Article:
Management / Riding high on innovation and tradition with Brompton’s CEO

Riding high on innovation and tradition with Brompton’s CEO

Will Butler-Adams, CEO of Brompton Bikes, has just unfolded his fold-up cycle – which he rode to the QuickBooks Connect event in London, where he was speaking earlier – and is enthusiastically giving me a demonstration of how easy it is to fold up and assemble. Moments before, I had confessed to him that I wasn’t a cyclist, let alone owned a Brompton – prompting him to immediately show me the benefits of commuting in London under one’s own steam.

Indeed, Butler-Adams seems to apply the idea of self-propulsion when it comes to running his revolutionary bike company, too. “You’ve got to believe in what you are doing,” he passionately exclaims. “If what you are doing is not true to you and you do not have a belief in it, it’s bullshit. You can’t live a lie. You can do it for so long, but it wears you out. It is so much easier to care about what you are doing.”

Brompton is certainly something of a textbook SME success story. From small beginnings in a South Kensington flat opposite Brompton Oratory, where the Brompton was originally designed in 1975 by Andrew Ritchie, the company is now the UK’s largest bike manufacturer, making more than 45,000 bikes per year.

The secret behind the firm’s success, Butler-Adams tells me, is because it doesn’t lose sight of what it actually does. “We are obsessed with the product,” he says. “The difference between a business that turns over £200,000 and a business that turns over £600,000 isn’t Brexit or the market it is basically finding good people, focusing on the product, keeping to the things you know and being really obsessed with them.”

Butler-Adams thinks SMEs have an advantage because they have the freedom to innovate without the slow-moving bureaucracy that larger companies face. “When companies get big they have people that do not love the product, they are just paid to do the job,” he says. “When you are little you love it. It might be something random to someone else, but you love it.  Focus on the love because that will give you the competitive edge, because these big corporates they have lost that ownership.”

He believes the best way to grow an SME is through old-fashioned word of mouth: the idea that if customers like what they buy and get a good service they’ll end up promoting the brand themselves. And with Twitter and Facebook, the feedback is instantaneous – and instantly damaging if they do not like something.

“We were lucky the customers were quite enthusiastic and used to send us letters,” says Butler-Adams. “If we can look after our customers, if the bike does its job and our customers are happy, they tell friends and we will grow a little bit more the next year. In the early days it was all about our customers.

“We had all sorts of people telling us what we were doing was wrong, and that we weren’t doing it the right way, but our customers used [the bike] and liked it and that was enough for us. We did not bother with the other stuff. We just focused on our product and worried about our customers. Our customers told other people and they told other people and it started to grow.

Butler-Adams doesn’t have a lot of time for the idea of putting branding ahead of the product it’s meant to sell. “People talk about a brand and get these agencies in and they fiddle around with logos,” he says. “That is not a brand – that is naff rubbish. We make a product that works. A good product that you still use, it adds value. If someone has a product after five years and they are still using it, then it has added some value.” Indeed, any branding or social media the company does get involved in is refreshingly off the cuff. “When we communicate we do not communicate our stuff, we communicate our customers having a laugh with their stuff,” he says. “We take their cool stuff and tell a load of other people there is a mad Brompton person doing this cool stuff in Canada. It is fairly basic and reasonably honest.”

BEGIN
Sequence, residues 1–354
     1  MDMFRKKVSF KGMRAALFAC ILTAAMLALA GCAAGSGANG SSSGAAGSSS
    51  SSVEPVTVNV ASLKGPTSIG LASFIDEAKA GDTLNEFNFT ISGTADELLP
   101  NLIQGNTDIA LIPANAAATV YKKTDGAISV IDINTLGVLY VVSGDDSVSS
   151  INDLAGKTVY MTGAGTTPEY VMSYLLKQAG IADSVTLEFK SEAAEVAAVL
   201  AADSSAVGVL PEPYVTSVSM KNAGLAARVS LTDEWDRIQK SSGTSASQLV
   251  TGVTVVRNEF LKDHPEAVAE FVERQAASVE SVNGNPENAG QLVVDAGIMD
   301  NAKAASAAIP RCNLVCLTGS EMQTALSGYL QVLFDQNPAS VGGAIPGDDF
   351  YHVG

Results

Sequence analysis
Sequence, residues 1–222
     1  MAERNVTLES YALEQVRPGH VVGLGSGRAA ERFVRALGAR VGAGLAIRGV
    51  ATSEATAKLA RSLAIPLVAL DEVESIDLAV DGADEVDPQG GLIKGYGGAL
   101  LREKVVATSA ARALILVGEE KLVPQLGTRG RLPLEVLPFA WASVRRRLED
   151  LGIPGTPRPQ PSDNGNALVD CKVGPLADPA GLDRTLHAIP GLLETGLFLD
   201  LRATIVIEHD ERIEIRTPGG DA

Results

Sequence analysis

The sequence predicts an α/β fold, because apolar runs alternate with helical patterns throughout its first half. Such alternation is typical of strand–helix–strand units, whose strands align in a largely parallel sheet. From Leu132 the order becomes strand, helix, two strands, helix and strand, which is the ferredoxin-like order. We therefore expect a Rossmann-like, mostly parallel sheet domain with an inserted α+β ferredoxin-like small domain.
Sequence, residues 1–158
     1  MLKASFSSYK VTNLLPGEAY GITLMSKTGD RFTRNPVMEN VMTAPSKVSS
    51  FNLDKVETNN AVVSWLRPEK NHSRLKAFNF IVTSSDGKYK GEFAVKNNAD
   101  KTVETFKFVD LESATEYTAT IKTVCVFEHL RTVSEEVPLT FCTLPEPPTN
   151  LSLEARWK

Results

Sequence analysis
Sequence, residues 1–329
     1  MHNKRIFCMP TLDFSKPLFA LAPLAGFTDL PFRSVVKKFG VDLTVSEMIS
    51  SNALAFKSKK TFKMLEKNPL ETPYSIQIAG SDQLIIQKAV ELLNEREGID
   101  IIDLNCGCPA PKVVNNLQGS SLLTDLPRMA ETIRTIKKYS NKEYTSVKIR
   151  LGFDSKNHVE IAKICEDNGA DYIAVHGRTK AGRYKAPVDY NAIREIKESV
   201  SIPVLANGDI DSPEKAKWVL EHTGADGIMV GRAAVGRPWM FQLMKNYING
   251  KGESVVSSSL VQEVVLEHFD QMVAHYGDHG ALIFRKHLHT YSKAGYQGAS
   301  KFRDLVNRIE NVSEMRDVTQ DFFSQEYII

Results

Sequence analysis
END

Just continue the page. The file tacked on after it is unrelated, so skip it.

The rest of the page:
The preoccupation with service and product even extends to encouraging dealers not to sell Brompton bikes to people they think won’t appreciate them. “We spend a lot of time teaching our dealers who not to sell the bike to,” Butler-Adams says. “Someone who has lots of space in their home doesn’t need a Brompton. If you are living in the countryside and want to go cycling on the weekend from your house then you don’t need one.

“If you give the product to the wrong person they will never love it, because it is the wrong product for them. We are persuaded to buy so much rubbish that half of it does not meet expectations and the other half we never needed in the first place, so to find something you actually use and you care about… there are not many products that you really love.”

For all the focus on quality and tradition, innovation is a big part of what Brompton does too – from the original Brompton bike to the firm’s recent work in partnership with Formula One racing team Williams to develop an electric drive system for it. The electric Bromptons are not on the road yet, but should be able to help cyclists power up hills, with the speed capped at 15 miles per hour.

In Butler-Adams view, being comfortable in business usually equates to complacency. “If you are comfortable your business is in trouble. You need to be perpetually anxious and worried. You need to be wanting the business to be better and not be satisfied with what you have got. We have come along way, but we have not even started. I have been here 15 years but we have hardly even started. That perpetual wanting to get better to take risks is just the nature of the beast.”

This article was published in our Business Reporter Online: SMEs.